39

S E L F - A N A L Y S I S

Driving Forces in Neuroses

In any effort to understand personality it is essential to discover the underlying driving forces of that personality. In attempting to understand a disturbed personality it is essential to discover the driving forces responsible for the disturbance. Here we are on more controversial ground. Freud believed that the disturbances generate from a conflict between environmental factors and repressed instinctual impulses. Adler, more rationalistic and superficial than Freud, believes that they are created by the ways and means that people use to assert their superiority over others. Jung, more mystical than Freud, believes in collective unconscious fantasies which, though replete with creative possibilities, may work havoc because the unconscious strivings fed by them are the exact opposite of those in the conscious mind. My own answer is that in the center of psychic disturbances are unconscious strivings developed in order to cope with life despite fears, helplessness, and isolation. I have called them "neurotic trends." My answer is as far from final as that of Freud or Jung. But every explorer into the unknown has some vision of what he expects to find, and he can have no guarantee of the correctness of his vision. Discoveries have been made even though the vision was incorrect. This fact may serve as a consolation for the uncertainty of our present psychological knowledge. What then are neurotic trends? What are their characteristics, their function, their genesis, their effect on one's life? It should be emphasized again that their essen-

tial elements are unconscious. A person may be aware of their effects, though in that case he will probably merely credit himself with laudable character traits: if he has, for example, a neurotic need for affection he will think that his is a good and loving disposition; or if he is in the grip of a neurotic perfectionism he will think that he is by nature more orderly and accurate than others. He may even glimpse something of the drives producing such effects, or recognize them when they are brought to his attention: he may become aware, for example, that he has a need for affection or a need to be perfect. But he is never aware to what extent he is in the grip of these strivings, to what extent they determine his life. Still less is he aware of the reasons why they have such power over him. The outstanding characteristic of neurotic trends is their compulsive nature, a quality that shows itself in two main ways. First, their objectives are pursued indiscriminately. If it is affection a person must have, he must receive it from friend and enemy, from employer and bootblack. A person obsessed by a need for perfection largely loses his sense of proportion. To have his desk in faultless order becomes as imperative for him as to prepare an important report in perfect fashion. Moreover, the objectives are pursued with supreme disregard for reality and real self-interest. A woman hanging on to a man to whom she relegates all responsibility for her life may be utterly oblivious to such questions as whether that particular man is an entirely appropriate person to hang on to, whether she is actually happy with him, 41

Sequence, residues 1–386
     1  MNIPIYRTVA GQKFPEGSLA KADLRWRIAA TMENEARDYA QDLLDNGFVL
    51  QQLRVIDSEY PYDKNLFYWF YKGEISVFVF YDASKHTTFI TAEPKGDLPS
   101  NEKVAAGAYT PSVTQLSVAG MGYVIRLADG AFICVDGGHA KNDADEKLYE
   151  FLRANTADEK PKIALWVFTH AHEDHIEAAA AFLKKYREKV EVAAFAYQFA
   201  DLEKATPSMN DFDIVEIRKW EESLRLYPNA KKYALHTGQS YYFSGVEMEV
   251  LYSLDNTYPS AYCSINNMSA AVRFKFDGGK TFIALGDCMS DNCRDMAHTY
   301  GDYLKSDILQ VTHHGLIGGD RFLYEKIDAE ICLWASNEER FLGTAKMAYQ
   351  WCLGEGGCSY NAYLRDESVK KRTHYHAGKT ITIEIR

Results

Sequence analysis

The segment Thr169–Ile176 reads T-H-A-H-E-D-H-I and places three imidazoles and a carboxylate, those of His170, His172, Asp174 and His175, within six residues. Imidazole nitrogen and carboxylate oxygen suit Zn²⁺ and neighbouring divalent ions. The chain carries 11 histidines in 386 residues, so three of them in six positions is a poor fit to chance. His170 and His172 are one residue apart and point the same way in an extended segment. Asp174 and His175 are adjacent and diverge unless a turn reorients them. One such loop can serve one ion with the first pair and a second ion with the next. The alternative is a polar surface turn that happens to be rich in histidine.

S E L F - A N A L Y S I S

Driving Forces in Neuroses

whether she likes and respects him. If a person must be independent and self-sufficient he will refuse to tie himself to anyone or anything, no matter how much he spoils his life thereby; he must not ask or accept help, no matter how much he needs it. This absence of discrimination is often obvious to others, but the person himself may not be aware of it. As a rule, however, it will strike the outsider only if the particular trends are inconvenient to him or if they do not coincide with recognized patterns. He will notice, for instance, a compulsive negativism but may not become aware of a compulsive compliance. The second indication of the compulsive nature of neurotic trends is the reaction of anxiety that ensues from their frustration. This characteristic is highly significant, because it demonstrates the safety value of the trends. A person feels vitally threatened if for any reason, internal or external, the compulsive pursuits are ineffective. A perfectionistic person feels panicky if he makes any mistake. A person with a compulsive need for unlimited freedom becomes frightened at the prospect of any tie, whether it be an engagement to marry or the lease of an apartment. A good illustration of fear reactions of this kind is contained in Balzac's Chagrin Leather. The hero in the novel is convinced that his span of life is shortened whenever he expresses a wish, and therefore he anxiously refrains from doing so. But once, when off his guard, he does express a wish, and even though the wish itself is unimportant he becomes panicky. The example illustrates the terror that seizes a neu42